Where the Deer and the Antelope Play – in the Nuclear Waste
Comanche Peak glows,from flickr, Zack Hollandsworth
Sometimes it is a pain being right.
Last week I was expressing a big worry about the fact that the Texas breed of anti-environment regulation was involved in operations of nuclear facilities. Now I find out that there’s worse than that, we have a growing nuclear dump in the Loan Star State. It’s run by the usual suspects.
The Texas billionaire and corporate raider (ed: Harold Simmons) is opening a nuclear waste dump in West Texas, despite objections from environmentalists and the state’s own experts. One of the Lone Star State’s largest donors to Republican causes, Simmons expects his that privately-owned site will become the nation’s most sought after radioactive waste repository.
Only Vermont had a deal to dispose of its nuclear waste in Texas, so Simmons began lobbying to amend the nearly 20-year-old compact with the Green Mountain State to allow other states to also send their radioactive waste to the WCS site.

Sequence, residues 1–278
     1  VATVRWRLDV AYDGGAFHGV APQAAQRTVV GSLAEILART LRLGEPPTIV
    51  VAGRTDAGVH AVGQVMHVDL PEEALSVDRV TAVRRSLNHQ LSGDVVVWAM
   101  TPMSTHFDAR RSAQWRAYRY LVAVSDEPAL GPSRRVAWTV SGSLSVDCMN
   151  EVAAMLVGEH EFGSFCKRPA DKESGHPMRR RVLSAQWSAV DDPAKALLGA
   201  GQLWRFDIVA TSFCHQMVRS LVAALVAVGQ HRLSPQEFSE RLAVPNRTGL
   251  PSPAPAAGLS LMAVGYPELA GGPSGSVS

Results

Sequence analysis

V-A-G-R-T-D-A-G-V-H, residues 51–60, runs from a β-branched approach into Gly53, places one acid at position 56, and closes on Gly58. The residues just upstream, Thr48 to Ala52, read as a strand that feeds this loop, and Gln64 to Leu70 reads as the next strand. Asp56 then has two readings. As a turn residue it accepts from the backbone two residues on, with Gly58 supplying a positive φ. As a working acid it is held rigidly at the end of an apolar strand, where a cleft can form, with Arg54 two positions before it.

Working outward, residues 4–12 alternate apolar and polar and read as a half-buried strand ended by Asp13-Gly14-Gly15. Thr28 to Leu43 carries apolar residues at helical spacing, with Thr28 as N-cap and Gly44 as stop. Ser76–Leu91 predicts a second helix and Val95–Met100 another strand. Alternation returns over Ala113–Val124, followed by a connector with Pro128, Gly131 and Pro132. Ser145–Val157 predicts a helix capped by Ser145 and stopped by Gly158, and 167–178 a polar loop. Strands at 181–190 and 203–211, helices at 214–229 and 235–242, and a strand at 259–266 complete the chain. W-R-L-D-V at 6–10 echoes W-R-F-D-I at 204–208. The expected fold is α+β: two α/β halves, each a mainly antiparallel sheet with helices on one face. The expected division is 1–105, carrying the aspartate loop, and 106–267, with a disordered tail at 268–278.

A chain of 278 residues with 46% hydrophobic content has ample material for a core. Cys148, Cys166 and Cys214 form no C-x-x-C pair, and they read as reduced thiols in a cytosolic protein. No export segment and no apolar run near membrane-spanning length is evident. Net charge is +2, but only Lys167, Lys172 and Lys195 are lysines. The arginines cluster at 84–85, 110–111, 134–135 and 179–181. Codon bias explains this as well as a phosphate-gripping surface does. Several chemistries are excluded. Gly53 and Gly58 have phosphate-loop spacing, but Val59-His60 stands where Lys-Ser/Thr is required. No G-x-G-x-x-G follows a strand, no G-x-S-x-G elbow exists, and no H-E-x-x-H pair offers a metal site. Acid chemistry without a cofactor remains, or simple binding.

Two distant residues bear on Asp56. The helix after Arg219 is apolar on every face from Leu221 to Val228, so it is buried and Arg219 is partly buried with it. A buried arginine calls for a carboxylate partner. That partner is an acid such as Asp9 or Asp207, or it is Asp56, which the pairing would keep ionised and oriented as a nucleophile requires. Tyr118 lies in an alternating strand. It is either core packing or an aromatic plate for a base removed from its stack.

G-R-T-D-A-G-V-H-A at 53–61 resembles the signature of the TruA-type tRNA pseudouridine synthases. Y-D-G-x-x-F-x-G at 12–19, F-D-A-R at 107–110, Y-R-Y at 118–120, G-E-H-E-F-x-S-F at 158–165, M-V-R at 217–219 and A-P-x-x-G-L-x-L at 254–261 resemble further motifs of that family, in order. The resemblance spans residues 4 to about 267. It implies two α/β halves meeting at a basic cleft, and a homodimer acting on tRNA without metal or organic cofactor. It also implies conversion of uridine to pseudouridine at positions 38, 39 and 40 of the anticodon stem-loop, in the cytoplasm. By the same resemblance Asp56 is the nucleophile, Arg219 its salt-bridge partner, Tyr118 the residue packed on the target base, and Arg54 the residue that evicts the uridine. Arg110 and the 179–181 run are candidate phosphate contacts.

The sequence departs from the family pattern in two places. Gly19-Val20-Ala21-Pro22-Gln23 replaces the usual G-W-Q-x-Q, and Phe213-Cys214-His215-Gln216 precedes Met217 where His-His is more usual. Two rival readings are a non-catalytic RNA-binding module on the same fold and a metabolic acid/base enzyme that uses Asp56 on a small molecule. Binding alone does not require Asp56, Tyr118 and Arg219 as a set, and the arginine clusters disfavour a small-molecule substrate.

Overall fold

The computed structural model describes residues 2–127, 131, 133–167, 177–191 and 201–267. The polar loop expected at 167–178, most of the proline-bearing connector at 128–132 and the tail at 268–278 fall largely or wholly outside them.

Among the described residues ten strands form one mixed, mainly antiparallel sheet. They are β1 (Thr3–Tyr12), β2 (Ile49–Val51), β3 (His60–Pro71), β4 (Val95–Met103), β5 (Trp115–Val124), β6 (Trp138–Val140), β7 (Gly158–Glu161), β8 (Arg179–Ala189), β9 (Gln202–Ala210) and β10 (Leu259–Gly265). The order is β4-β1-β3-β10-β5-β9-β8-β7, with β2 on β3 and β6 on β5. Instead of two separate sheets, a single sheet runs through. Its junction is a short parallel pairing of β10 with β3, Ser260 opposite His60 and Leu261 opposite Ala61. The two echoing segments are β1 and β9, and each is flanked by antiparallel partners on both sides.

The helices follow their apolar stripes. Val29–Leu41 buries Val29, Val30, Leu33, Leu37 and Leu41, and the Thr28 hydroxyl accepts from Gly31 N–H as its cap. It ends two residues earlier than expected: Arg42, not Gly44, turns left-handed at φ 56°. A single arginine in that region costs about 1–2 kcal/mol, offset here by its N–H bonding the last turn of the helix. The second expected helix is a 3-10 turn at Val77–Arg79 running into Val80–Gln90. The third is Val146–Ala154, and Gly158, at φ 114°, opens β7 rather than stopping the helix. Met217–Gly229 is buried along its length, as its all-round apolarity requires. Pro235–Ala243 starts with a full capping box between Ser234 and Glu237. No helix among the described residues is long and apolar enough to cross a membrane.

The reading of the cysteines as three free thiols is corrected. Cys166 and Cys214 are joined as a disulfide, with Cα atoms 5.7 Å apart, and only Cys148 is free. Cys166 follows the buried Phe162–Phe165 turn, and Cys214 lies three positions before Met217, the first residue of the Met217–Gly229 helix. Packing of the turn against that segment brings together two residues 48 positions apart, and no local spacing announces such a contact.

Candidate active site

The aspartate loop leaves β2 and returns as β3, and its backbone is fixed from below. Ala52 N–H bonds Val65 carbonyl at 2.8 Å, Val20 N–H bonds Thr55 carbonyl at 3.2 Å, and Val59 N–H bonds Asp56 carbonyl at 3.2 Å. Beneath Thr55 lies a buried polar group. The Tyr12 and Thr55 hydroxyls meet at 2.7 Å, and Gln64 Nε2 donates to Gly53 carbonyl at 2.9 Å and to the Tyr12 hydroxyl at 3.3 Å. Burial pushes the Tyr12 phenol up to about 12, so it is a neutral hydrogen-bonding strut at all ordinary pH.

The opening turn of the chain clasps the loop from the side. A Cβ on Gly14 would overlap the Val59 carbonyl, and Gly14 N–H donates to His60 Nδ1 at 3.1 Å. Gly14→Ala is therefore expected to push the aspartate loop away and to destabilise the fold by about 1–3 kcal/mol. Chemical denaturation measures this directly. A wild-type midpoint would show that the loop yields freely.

The decision to alter the compact rested with the seven members of the obscure Low-Level Radioactive Waste Disposal Compact Commission, six of whom had been appointed by Gov. Perry, one of the largest recipients of Simmons’ campaign cash…. Any state can now petition the commission to have its radioactive waste buried in Texas.
The ground water is often in the form of aquifers here, vast lakes that are located underground. The ground water mingles in with the runoff, of course, but in applying for permits to load up on nuclear waste, Simmons insisted there was no danger of contamination. No environmental studies showed that to be so. The studies cited are geologic and years of oil exploration. No examples have been provided.
Members of the Texas Commission on Environmental Quality resigned rather than issue this permit.
There is no end of justification for depradations that endanger the people of Texas, as long as it results in profit for a small number of ‘entrepreneurs’. The main chances involved in seeking to make a killing in this state are whether you can get enough monetary impetus behind an influential enough office holder.
Savagely, that ‘making a killing’ here doesn’t necessarily mean a cash bottom line. The public is just another impediment to the business interests in the state.
As Tom Lehrer told us some decades back;
Oh we will all fry together when we fry.
We’ll be french fried potatoes by and by.
There will be no more misery
When the world is our rotisserie,
Yes, we will all fry together when we fry.